Lawmakers have made efforts this month to curb the collection and sale of personal information by apps and websites, but absorption is slow, especially with a lack of input from big tech companies like Facebook, Google and Amazon. . Meanwhile, experts suggest a variety of personal protocols to protect people requesting abortion. Keeping your Internet search histories clean is a simple tip, as well as deleting text messages that talk about abortion and disabling location tracking if you visit an abortion provider. Montemarano also suggests using a VPN (virtual private network), which encrypts your Internet connection and disguises online activity.

Other organizations offer even more options to protect communications: Repro Legal Helpline, run by the abortion group If / When / How, offers to talk to people through encrypted applications like Signal and Protonmail. The group also suggests using the Tor private browser as a safer platform to investigate self-managed abortions and other information.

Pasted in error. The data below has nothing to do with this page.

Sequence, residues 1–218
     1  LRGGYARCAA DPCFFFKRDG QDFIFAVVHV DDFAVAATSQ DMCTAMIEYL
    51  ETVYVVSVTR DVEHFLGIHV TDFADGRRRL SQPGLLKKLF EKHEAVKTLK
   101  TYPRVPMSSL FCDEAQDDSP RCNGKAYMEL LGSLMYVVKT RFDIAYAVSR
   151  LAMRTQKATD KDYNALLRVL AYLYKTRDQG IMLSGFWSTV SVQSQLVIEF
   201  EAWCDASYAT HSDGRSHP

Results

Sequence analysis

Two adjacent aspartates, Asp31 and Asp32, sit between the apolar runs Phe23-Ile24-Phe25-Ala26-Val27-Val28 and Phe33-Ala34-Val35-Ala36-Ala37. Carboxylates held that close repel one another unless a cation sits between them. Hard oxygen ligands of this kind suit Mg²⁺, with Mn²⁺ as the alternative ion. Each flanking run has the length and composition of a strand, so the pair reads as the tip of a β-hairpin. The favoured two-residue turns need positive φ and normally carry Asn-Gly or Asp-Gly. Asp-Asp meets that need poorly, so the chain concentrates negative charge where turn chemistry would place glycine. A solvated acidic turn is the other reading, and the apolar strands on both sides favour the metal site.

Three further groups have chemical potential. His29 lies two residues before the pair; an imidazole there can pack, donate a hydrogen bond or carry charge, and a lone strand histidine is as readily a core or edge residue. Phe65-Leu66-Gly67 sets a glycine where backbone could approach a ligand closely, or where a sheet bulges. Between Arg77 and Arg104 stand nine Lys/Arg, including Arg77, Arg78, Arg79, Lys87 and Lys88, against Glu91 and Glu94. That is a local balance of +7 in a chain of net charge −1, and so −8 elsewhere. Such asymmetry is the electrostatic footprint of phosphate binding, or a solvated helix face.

The second big piece of the puzzle is that it is not purely digital surveillance that matters, but it is also personal surveillance, harassment of anti-abortion activists and snitchings that have caused problems for people looking for abortions. “Fake health clinics already receive extensive information about people, and while there is a piece of digital surveillance, the fact is that any bad actor with someone’s information can only call and give advice to the forces of the order, ”Montemarano says. “This is also the case for people protesting outside abortion clinics, engraving people’s faces, license plates and getting this information across.”